The lost tribe of India looks back in despair to its Kashmir home
By Peter Popham in Delhi
The Prime Minister, Atal Behari Vajpayee, decided to raise “specialised battalions” of the paramilitary forces for “waging counter-terrorist operations” to defeat the “proxy war” in the state.
Commentators chastised the lack of imagination. “Kashmir policy: old wine in new bottle,” said the Times of India. The Hindu said that it showed “the total exclusion of political solutions and political ideas”.
And this week the community whose sufferings are the starkest emblem of Kashmir’s running sore solemnly marked 18years in exile with a silent demonstration in Delhi.
The Kashmiri Pandits are one of India’s most extraordinary communities. Claiming to be the aboriginals of Kashmir, with a calendar dating back 5,075 years, they also claim 100 per cent literacy: the word “pundit” – in Hindi either spelling is acceptable – entered English in recognition of their phenomenal learning.
“The Kashmir Pundits,” wrote Sir Francis Younghusband, the British Resident in Kashmir, in 1908, “are well known over India for their acuteness and subtlety of mind, their intelligence and quick-wittedness.
“They prefer priestly, literacy and clerical occupation, but … many have had to take up agriculture, and become cooks, bakers, confectioners, and tailors, and indeed to follow any trade except … cobbler, potter, corn-frier, porter, boatman, carpenter, mason, or fruit-seller.”
They reinforced their reputation for brains by providing India with its only political dynasty, the Nehru-Gandhis, three of whom, Jawaharlal Nehru, Indira Gandhi and Rajiv Gandhi, served as Prime Minister.
But for centuries, since an Afghan invasion in the 14th century, the Pandits have been intensely exposed as the only Hindus among an overwhelming majority of Muslims.
All Kashmir’s Hindus, except for the brahminical Pandits, were converted to Islam, mostly, it is said, by force. As a result, the Pandits were several times forced to flee the Kashmir Valley.
Each time, a benign ruler coaxed this avowedly pacifist community to return. But the events of January 1990 have left deep scars. As insurgency in the valley took hold, with militants fighting for Kashmir’s removal from the Indian state, the Pandits became an obvious target.
Already steps had been taken to erase signs of the Pandits’ existence. The Hindu names of hundreds of villages were changed to Islamic names. Intellectuals, poets and writers of the community were killed or frightened into silence.
Mahesh Manvati, a refugee who has lived near Delhi since April 1990, said: “The process culminated on 19 January when the clear call came that we should all leave.”
One refugee who did not want to be named said: “Srinagar in January 1990 was a nightmare for the Pandits.Audio-cassettes were roaring about Islamic jihad in the mosques, calling for the liberation of the valley. The local press published warnings to the Pandits, asking them to leave the valley or face the consequences, posters were stuck up on poles and walls all over town with the same message.”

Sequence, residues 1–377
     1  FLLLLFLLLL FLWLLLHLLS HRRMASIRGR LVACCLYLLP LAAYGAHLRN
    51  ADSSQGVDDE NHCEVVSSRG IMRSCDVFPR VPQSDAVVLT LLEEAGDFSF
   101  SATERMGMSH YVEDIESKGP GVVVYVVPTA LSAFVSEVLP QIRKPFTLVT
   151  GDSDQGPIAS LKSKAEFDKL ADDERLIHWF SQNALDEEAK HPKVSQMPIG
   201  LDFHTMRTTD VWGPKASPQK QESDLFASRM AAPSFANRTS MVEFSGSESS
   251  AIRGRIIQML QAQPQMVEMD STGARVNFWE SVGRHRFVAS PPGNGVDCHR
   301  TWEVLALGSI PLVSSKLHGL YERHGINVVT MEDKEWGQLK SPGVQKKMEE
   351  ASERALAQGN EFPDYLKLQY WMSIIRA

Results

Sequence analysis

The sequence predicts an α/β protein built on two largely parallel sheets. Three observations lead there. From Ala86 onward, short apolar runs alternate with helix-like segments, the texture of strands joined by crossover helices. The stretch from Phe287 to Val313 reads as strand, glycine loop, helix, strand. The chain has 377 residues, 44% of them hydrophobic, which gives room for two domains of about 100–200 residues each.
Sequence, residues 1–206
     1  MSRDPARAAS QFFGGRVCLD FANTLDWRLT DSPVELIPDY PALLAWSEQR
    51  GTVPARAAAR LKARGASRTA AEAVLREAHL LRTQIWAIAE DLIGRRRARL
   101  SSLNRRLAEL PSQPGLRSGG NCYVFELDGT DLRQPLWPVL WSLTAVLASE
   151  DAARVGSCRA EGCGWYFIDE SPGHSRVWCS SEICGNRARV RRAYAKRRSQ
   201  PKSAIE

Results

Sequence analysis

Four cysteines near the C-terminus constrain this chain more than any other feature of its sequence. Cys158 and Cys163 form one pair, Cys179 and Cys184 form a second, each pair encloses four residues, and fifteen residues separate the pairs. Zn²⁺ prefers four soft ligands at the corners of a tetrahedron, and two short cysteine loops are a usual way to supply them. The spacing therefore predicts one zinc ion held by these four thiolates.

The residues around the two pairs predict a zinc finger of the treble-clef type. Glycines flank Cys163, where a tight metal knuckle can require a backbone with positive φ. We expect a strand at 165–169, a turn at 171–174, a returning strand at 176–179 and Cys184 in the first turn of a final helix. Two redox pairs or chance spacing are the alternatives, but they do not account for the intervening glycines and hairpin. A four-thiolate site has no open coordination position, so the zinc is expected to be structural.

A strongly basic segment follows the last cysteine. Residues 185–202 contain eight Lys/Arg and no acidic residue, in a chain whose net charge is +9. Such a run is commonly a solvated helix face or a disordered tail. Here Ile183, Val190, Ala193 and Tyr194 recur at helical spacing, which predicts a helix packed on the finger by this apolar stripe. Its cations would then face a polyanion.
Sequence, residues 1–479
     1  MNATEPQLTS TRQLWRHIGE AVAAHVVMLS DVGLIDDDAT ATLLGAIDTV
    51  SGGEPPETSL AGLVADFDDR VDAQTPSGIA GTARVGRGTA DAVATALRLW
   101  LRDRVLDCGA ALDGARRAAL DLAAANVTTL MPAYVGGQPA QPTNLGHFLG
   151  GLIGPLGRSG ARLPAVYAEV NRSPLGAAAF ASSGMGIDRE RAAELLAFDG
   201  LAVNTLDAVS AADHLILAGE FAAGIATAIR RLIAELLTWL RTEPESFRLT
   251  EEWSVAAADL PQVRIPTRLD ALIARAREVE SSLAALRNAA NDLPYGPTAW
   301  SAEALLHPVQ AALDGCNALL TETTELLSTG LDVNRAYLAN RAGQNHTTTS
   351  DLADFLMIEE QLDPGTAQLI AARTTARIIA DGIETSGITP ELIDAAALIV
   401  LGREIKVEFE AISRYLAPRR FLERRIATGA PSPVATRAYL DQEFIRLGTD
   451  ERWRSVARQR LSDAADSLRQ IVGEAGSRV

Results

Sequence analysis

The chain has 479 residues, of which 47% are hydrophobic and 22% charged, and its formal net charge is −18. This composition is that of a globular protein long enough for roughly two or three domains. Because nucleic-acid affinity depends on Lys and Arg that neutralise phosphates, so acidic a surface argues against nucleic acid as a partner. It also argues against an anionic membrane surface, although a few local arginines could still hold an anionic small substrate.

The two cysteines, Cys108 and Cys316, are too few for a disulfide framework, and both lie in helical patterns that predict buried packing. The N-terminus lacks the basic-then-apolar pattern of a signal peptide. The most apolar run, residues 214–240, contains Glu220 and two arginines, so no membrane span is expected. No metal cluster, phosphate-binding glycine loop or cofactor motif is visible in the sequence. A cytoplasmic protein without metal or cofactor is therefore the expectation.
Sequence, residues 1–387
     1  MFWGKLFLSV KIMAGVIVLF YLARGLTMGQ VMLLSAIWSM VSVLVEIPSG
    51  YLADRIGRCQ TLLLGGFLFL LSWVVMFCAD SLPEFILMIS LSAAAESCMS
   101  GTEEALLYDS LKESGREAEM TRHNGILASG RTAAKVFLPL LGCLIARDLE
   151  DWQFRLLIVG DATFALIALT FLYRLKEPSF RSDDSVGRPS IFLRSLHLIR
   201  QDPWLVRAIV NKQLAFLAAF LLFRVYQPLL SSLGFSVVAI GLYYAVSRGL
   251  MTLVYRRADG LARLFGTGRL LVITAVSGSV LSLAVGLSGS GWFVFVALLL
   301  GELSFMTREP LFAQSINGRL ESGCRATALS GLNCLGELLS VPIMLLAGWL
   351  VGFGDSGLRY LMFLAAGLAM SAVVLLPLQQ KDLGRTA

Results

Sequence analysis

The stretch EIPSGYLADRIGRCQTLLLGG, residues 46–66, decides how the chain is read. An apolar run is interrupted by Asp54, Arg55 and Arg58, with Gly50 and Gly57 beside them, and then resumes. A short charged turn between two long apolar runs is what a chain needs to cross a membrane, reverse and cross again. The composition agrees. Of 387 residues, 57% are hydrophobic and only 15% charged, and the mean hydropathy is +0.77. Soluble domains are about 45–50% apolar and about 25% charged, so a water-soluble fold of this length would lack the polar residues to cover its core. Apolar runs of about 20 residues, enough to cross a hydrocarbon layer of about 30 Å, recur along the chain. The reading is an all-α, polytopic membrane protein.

A Kashmiri Pandit housewife said: “Day after day, the posters pasted on the walls in the city warned Kashmiri Pandits to leave. One morning we discovered that some of our close friends and relatives had fled without even whispering to anyone about it. At last our turn arrived. I left Srinagar by air and my husband followed by road.”
Nobody knows for sure how many fled Kashmir on 19 January and in subsequent weeks, but one exile group believes that 350,000 Pandits are living outside their homeland: 200,000 in cramped plastic shelters in camps around the city of Jammu, and another 100,000 dotted around Delhi.
One Delhi-based Pandit journalist, Omkar Razdan, estimates that there are now only 7,000 of his community left in the valley. One exile organisation, Panun Kashmir, claims that 5,000 Pandits have been killed in sectarian massacres in the past 18years. Drowned out by the louder, more immediate horrors of Kashmir, the Pandits risk being forgotten by history. Yet they were an essential element in the traditional society of the Kashmir Valley, where Kashmiri identity outweighed any other factor or religion or caste. In 1947, when Hindus and Muslims were murdering each other in huge numbers after Partition, the Kashmir Valley remained peaceful.
But for the Kashmiri Pandits in exile, that is all ancient history. One Pandit in Delhi said: “Islamic fundamentalism has turned Kashmiri society fanatical, a society which will not accept coexistence.” Communal harmony of the old sort, exiled Pandits believe, is no longer possible.
A group called Panun Kashmir – Kashmir Homeland – is campaigning for a part of the valley to be designated their homeland, with special protection and status.
It is the sort of cause that you might expect to be dear to the heart of a government dominated by Hindu nationalists. But although Prime Minister Vajpayee received a delegation from the organisation on Wednesday, Panun Kashmir looks as if it is the lost tribe’s lost cause. “We are too few,” lamented one of the demonstrators. “We don’t make a vote bank for any party. No parties are interested in us.”